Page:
is evidently borrowed from an incomparable passage in this Preface. "Qu'est-ce qu'une pensée neuve, brilliante, extraordinaire? Ce n'est point, somme se le persuadent les ignorans, une penséee que personne n'a jamais euë, ni dû avoir: c'est, au contraire, une pensée qui a dû venir a tout le monde, et que quelqu'un s'avise le premier d'exprimer. Un bon mot n'est bon mot qu'en ce qu'il dit une chose que chacun pensoit, et qui la dit d'une maniere vive, fine et nouvelle."<46> This Preface was written in 1700: the Essay, I think, in 1710.
Pursued Warton's Pope. I am disappointed in the critical information and entertainment I expected from such an editor of such a work. Innumerable slips attest how carelessly he has executed the task; and he has taken such unconscionable liberties in stealing from himself, that a reader well versed in the Essay on the Genius and Writings of Pope, will find little of novelty to glean, from the apparently abundant harvest of anecdote and criticism with which he is here presented in the form of scattered annotations.
FEBRUARY the 1st
Read several of Dryden's original Poems. The sudden transition from his Funeral Lines on Oliver Cromwell, to his Astraea Redux on the Restoration, the two first pieces in the collection, has a curious effect: one grieves to see genius thus prostituted. In his Political Poems (where he sometimes becomes impotent from rage) may be found most of the arguments which have furnished out the party pamphlets of the present day.—His Hind demonstrates, what I have often thought, but tremble to express, that the first step of separation from the Church of Rome, was the first step to infidelity.—The Religio Laici, is the most finished and equally sustained, of any of these pieces; and, as an argumentative poem, has infinite merit. For disputing in rhyme, Dryden has certainly no equal: his spirit is inextinguishable.
Began Boileau's Satires: compositions of exquisite wit and urbanity; and surpassed by nothing but Pope's productions in the same way. His 5th Satire, on Hereditary Rank, might now be recited with applause at Paris; and shows how the same thing may differ, when urged as a corrective, and when adopted as a principle. The10th, on Woman, is inferior in spirit to Pope's Satire on the same subject. In the 11th and 12th he is evidently out of his depth.
Was much pleased, in the European Magazine for last month, with Sir Joshua Reynolds' masterly character of Reubens' style. The comparison of his pictures to. "bunches of flowers," struck me as eminently happy.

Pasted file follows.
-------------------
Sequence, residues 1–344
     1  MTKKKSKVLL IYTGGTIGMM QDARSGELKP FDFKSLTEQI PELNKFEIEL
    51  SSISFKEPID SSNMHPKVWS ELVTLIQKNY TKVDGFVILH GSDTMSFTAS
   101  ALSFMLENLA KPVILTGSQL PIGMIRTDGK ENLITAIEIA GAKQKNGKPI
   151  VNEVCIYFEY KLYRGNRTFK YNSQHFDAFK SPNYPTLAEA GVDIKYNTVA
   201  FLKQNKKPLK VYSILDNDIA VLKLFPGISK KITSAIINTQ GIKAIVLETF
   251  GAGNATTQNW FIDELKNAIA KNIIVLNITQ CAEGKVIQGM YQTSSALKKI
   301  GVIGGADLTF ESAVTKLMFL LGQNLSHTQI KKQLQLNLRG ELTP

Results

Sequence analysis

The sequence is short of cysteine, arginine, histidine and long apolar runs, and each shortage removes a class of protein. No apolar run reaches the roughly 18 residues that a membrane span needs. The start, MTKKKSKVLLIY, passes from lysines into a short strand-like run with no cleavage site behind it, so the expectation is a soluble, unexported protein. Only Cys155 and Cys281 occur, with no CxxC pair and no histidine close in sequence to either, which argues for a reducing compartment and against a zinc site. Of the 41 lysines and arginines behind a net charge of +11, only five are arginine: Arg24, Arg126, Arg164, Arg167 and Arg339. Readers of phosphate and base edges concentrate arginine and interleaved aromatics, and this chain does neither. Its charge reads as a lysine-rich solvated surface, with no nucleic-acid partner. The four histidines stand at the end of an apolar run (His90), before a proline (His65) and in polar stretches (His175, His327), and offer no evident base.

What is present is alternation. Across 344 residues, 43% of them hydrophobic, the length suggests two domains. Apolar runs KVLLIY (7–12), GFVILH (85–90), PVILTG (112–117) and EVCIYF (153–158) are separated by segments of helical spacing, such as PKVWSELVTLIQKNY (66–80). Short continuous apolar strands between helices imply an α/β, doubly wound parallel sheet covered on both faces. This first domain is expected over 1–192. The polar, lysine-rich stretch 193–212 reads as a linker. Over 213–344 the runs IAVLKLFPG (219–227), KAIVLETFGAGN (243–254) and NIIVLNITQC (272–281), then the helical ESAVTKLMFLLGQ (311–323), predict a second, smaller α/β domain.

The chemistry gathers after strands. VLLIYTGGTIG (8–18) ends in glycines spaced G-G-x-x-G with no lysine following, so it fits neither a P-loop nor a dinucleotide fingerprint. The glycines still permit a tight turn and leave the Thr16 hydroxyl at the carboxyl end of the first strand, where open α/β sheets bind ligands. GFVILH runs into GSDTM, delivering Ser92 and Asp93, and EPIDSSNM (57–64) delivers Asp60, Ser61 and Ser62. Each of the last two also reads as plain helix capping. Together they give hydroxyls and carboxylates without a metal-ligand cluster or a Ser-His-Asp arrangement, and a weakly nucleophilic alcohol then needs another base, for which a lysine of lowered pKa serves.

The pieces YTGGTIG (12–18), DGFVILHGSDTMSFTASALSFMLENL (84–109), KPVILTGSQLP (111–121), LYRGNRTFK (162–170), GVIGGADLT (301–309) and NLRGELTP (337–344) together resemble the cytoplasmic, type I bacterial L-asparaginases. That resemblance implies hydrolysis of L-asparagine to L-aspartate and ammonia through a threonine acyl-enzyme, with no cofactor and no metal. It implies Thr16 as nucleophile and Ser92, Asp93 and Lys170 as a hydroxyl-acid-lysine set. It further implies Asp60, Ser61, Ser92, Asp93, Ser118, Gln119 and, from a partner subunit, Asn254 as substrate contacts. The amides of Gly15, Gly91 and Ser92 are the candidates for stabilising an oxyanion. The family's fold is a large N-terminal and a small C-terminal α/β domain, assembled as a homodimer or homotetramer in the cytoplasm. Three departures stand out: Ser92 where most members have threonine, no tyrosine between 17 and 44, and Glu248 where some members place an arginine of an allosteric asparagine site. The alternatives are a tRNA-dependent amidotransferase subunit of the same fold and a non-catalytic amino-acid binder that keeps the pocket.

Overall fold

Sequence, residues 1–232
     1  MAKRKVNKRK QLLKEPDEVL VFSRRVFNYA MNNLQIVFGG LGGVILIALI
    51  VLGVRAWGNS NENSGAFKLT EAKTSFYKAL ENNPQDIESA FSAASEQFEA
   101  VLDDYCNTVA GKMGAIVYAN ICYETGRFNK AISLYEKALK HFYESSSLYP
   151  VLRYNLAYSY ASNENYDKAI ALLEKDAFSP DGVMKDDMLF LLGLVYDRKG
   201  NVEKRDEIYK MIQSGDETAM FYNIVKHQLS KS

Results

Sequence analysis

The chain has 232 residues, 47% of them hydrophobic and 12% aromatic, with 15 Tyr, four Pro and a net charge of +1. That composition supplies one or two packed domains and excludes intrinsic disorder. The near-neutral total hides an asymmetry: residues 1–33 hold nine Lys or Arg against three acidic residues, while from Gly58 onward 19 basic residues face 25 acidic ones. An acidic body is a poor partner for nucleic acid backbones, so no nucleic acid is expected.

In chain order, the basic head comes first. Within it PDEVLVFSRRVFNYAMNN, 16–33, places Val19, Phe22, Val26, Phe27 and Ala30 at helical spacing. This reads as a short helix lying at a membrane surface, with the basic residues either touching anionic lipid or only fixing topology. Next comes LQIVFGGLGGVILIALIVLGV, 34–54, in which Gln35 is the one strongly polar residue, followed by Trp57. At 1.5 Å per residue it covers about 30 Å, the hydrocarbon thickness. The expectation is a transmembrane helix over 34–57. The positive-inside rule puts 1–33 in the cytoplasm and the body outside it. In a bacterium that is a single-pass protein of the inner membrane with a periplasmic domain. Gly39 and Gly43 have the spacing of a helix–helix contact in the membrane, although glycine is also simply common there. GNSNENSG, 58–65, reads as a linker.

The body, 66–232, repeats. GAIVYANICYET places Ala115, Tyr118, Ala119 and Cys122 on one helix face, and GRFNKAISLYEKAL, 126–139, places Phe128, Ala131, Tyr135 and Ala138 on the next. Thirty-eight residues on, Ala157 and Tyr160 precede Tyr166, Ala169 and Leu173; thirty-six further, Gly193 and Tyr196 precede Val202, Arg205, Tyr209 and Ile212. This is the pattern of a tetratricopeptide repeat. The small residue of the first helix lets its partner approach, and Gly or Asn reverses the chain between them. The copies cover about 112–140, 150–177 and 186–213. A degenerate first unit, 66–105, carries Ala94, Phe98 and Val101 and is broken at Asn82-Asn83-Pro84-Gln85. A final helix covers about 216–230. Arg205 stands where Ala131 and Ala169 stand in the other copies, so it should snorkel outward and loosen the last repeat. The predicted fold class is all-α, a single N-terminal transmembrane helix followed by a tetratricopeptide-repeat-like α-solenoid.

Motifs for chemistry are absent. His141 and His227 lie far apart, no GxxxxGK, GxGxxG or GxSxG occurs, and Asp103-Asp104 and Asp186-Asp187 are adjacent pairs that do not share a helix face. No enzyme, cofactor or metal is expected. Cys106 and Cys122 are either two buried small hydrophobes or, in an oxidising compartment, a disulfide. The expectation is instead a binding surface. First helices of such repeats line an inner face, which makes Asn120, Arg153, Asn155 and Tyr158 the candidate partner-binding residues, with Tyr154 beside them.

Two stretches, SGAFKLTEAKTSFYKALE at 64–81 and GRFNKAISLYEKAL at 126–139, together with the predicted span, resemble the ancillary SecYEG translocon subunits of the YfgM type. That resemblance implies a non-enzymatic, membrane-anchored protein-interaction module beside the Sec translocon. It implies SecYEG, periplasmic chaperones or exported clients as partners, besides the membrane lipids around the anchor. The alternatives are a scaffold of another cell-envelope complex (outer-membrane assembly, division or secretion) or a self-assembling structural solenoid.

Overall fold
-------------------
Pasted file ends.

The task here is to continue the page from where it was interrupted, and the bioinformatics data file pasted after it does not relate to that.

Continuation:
FEB. the 4th
Pursued Warton's Pope. On v. 408. of the Prologue to the Satires, Warton has feelingly described the delightful transition, from the austerities of acrimonous censure,, to the melting scenes of domestic tenderness.—On v. 31. of Pope's Imitation of the 1st Epistle of Horace, he expresses a surprise, that Pope should have omitted the strong sentiment,
"Et mihi res, non me rebus, subjungere conor:" v.19.<28>
I conceive that Pope has endeavoured, and not unsuccessfully, to render it by the line
"And win my way, by yielding to the tide."
The original indeed is more pointedly significant; for Horace (if we may be allowed to dilute his spirit so unmercifully) intimates, that revolting from the Stoic doctrine; which in effect renders its votaries slaves to external circumstances by exacting an incessant and vain struggle against them, he found himself insensibly sliding back to the system of Aristippus, which, by a full admission of their influence on our happiness, pursued the only course to reduce these stubborn principles into a subjection to our pleasure:—See August 18th 1797.—It is amazing that Warton should have passed, without censure, and even with some sort of retrospective approbation, the flattest line Pope ever published. v. 49., 6th Epis. of Horace, B. 1.:
"So known, so honoured, at the House of Lords."
To make amends, he violently reprobates as coarse and vulgar, an expression, which, in its place, is felicitous enough. v. 13 I., 2nd Epis. of Horace, B. 2.
"Each had a gravity would make you spit."
The colloquial form of the phrase, here adds greatly to' its spirit.
FEB. the 7th
Read Boileau's Epistles. The 3rd, on False Shame, is eminently happy; and the 6th, in which he describes his mode of life, above measure interesting. His advice to Racine in the 7th, to convert the efforts of malevolence into instruments of good, by extracting improvement from the carpings of his envious critics, is at once neat and judicious. The 9th is an excellent lecture against affectationn: the 10th exhibits an engaging portrait of the writer: the 11th displays the pains of literary labour, and the pangs of idleness, with the easiest and most felicitous address: while the l2th, though dexterously managed; and treating on a fruitful subject, is polluted with the rancour, and clouded by the darkness, of polemical theology. Had Boileau written nothing but this latter piece, as he declares that he sometimes wished in good earnest had been the case, where would have been the remembrance of him now? His addresses to the King, however neatly turned, are necessarily fulsome: the leading idea in them all, is, that the Monarch conquered faster than the Muse could celebrate.